History, politics and power – economic power but also the power of images – are focal points in Aleksander Velišček artworks. Velišček who lives and works between Venice and Nova Gorizia can be linked theoretically to the writings of Slavoj Žižek, who claims that there is a close relationship between politics and painting.
Velišček is a painter who deals with strong themes and who grew up in times of intense political change as well as of changes in economic and mediatory power of imagery. The artist, who lives in Nova Gorica – the border city between Italy and Slovenia and until the nineties the symbol of the division between the east and west – has first-hand experience from sociological, economic and ideological transformations of the then Yugoslavia and of the emerging Slovenia. Ever since he was a student at the Academy of Fine Arts of Venice and an artist of The Bevilacqua La Masa Foundation, his artistic research has been focused on human figure, on the physicality of the body, on its gestures and proportions.
Recently the artist is working on portraits of Joseph Beuys, Julian Assange, Chelsea Manning, Edward Snowden, Anna Stepanova Politkovskaja, Pope John Paul II, Stanley Kubrick and Walter Benjamin. In a very complex and accurate process the stratification of the oil colour transforms the painting almost into a sculpture. Velišček’s painting technique leaves a consistency of the human flesh to appear frozen. These portraits seem to be suspended between the black background and the frame covered by glass. The artist made frames are constructed with wood, metal and glass and fulfil more than the task of display cases. In some cases these massive frames are even double glass-fronted and the painting appears to be a sculpture or an installation behind bulletproof glass. The depth of this frame, that contains metallic structures inside, works like an orthopaedic prosthesis that sustains the frozen flesh of the human figure.
The human figure in Velišček’s works appears suspended between the black background and the transparency of the glass above. The frames, made by the artist using wood and metal, can weigh more than 20 kg in some cases: thanks to the inclusion of a double glass that reminds of bulletproof protection the painting takes the complexity of an installation. The human figure is imprisoned inside its frame in such a way that the message of the philosopher, theologian, scientist, writer, artist, informer, whistleblower or journalist, although partly intuited, can not be fully received by the viewer. The frames, many of which are very deep, serve as a container made of a series of metal joints, natural elements (honeycombs of beehives), magnifying lens (such as the one placed on the lips of Edward Snowden) that melt into a single entity with the painting itself, accentuating realistic effect and suggesting metaphorical references. For example, the metal geometries in the painting depicting young Italian essayist and philosopher Diego Fusaro closely resemble the geometries of robotics.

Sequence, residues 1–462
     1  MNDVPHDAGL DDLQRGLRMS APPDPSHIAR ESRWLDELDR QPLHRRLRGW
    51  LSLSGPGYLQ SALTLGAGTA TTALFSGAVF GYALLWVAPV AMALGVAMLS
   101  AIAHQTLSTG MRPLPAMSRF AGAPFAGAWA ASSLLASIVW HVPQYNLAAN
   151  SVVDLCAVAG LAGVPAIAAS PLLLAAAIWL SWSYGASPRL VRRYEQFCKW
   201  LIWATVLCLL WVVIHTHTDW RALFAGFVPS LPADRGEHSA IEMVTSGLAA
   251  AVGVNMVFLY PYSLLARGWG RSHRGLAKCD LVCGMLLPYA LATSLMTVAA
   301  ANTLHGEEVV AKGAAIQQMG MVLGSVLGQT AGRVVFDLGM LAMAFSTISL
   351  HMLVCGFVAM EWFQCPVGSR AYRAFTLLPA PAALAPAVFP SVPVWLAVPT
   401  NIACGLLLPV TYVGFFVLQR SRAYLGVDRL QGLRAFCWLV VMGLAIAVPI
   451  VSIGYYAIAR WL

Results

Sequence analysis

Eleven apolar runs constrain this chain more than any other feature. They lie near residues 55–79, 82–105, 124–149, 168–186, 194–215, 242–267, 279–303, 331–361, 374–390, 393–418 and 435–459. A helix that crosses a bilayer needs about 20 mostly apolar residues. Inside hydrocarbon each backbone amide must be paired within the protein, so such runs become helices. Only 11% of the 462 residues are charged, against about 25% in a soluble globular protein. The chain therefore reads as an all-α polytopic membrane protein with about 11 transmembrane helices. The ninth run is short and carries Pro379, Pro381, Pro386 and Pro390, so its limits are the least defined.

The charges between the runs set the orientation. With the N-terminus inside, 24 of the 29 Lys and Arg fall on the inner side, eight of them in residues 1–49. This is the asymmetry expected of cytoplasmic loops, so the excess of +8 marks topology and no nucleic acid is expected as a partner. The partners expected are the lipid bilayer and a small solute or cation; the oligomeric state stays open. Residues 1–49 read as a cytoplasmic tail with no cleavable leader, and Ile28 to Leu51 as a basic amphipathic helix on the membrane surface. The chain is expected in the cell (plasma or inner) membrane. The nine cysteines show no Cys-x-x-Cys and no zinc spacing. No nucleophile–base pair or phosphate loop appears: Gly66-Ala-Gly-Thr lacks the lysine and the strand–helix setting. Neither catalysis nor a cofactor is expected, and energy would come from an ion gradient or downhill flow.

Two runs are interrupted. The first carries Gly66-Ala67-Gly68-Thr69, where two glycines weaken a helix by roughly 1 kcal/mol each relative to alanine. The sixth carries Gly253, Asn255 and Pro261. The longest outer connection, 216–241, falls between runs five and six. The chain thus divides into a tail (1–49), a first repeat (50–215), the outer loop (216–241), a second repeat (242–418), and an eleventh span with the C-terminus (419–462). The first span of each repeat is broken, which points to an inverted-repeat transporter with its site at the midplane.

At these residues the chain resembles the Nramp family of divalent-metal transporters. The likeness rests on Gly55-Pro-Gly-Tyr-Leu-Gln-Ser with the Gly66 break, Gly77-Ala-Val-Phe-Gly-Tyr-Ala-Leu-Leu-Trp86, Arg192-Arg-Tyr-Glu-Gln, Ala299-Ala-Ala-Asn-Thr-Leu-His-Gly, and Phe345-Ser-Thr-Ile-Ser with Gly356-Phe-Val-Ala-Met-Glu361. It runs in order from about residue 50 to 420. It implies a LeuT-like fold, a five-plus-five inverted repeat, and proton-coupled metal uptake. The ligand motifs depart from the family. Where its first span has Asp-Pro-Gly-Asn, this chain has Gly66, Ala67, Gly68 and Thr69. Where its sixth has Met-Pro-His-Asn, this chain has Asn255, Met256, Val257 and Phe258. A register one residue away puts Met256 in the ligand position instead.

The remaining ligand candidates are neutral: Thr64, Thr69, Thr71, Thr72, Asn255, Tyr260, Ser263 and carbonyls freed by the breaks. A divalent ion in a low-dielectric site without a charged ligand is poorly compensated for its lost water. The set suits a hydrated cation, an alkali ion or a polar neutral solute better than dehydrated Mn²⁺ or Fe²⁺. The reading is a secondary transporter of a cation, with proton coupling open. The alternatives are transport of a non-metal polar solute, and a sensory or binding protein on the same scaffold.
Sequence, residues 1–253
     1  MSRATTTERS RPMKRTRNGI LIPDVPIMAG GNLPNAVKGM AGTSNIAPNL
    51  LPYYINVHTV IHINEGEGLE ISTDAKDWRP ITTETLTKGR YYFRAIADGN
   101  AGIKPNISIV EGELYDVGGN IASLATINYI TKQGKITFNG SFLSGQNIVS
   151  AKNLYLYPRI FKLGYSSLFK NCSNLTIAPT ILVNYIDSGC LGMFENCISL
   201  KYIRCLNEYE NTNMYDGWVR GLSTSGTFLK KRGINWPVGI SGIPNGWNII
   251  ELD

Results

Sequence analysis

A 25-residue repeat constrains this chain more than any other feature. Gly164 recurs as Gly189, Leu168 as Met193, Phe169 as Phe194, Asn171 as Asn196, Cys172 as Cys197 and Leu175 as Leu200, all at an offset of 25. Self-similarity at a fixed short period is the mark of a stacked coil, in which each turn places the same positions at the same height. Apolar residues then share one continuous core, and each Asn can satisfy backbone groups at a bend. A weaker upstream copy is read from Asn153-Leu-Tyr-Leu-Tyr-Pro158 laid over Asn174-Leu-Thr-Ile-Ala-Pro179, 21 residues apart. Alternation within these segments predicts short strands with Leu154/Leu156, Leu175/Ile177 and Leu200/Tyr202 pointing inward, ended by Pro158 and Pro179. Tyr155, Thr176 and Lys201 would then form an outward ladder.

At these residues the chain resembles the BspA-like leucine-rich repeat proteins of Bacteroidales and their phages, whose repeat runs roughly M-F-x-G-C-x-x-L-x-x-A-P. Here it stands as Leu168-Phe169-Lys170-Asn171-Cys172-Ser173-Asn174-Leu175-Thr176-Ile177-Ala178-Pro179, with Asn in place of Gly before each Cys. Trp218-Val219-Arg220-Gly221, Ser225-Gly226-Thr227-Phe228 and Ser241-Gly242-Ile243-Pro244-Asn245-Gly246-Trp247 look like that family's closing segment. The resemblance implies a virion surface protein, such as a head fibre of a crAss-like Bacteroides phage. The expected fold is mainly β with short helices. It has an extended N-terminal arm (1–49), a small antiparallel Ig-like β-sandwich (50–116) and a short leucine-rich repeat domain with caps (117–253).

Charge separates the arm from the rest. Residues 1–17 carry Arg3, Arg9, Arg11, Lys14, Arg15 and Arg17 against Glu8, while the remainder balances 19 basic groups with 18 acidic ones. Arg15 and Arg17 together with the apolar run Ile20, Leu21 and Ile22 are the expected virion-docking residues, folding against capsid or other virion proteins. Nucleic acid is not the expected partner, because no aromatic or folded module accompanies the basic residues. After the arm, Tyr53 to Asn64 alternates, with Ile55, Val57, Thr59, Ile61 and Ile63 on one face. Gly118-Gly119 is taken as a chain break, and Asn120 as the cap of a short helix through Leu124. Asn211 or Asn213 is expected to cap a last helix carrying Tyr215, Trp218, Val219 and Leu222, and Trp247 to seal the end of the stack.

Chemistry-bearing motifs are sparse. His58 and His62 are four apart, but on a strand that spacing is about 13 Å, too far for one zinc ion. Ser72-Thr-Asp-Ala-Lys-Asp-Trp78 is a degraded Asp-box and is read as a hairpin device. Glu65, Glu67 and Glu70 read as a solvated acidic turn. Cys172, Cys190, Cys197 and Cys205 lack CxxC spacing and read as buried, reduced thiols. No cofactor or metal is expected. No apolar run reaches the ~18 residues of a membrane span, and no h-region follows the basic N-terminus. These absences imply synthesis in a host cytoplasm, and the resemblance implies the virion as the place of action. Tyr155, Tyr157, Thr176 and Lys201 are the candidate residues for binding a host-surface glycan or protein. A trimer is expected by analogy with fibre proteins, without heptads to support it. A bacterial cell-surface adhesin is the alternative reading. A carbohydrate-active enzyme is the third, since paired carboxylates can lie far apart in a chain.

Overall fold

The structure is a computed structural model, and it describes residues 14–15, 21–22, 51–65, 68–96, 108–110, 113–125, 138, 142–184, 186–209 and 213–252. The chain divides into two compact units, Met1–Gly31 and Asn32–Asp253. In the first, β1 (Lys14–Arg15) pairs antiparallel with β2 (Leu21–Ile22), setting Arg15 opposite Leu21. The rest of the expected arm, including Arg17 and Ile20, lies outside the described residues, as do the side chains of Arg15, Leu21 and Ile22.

Similarly, the metal structure that supports the portrait of John Paul II, gives a sense of precariousness to the sickly and fragile figure of the Pope; the material structure of the painting itself and the form of the support (which opens into a chasm close to the mouth) do nothing but accentuate the drama and authenticity of such representation. This applies also to the linguist and philosopher Noam Chomsky, whose skull seems to open in front of the viewer, and to Edward Bradley Manning, the informer of WikiLeaks scandal, represented with a face detached from head and body, which refers to the change of gender identity that the American soldier undertook in jail after having stolen tens of thousands of confidential documents including the famous video Collateral Murder. Finally, the melancholy on the face of Joseph Beuys is disarming.
Previously the artist created portraits of Alain Badiou, Pier Paolo Pasolini, Garri Kasparov and Mario Monicelli in a series of small tondo paintings, frameless and then yet without metal structures, similar to heads severed by a guillotine, with dried bits of color on the edges. These characters have a common point – an extreme dedication to a political, social or philosophical ideal (and, as in the case of Putin and Berlusconi, the dedication that is the quest for sheer power itself). For better or for worse, Velišček painted the outer limits of human passions and ideas. These paintings evoke an individual destiny, a political struggle, a violent death, a won or lost case, a life dedicated to an idea.
The artist called this series of portraits gullivers. In Nadsat language gulliver means head. This word invented by the writer Anthony Burgess is used by the characters from the novel A Clockwork Orange (1962) and by the protagonist Alex de Large in cinematic adaptation by Stanley Kubrick (1971). Burgess conceived an artificial language by merging English and Russian terms thus creating a language inspired by the two politically most influential languages of his time. Phonetically the Russian word head (golová) is pronounced in Nadsat language as gulliver. The choice of a hard-sounding language that is often difficult to understand aims to the analysis of violence in the socio-political context. Like Nadsat language, the artistic language of the Slovenian artist Aleksander Velišček is also the result of a socio-political research.
The exhibition is produced with the support of pixartprinting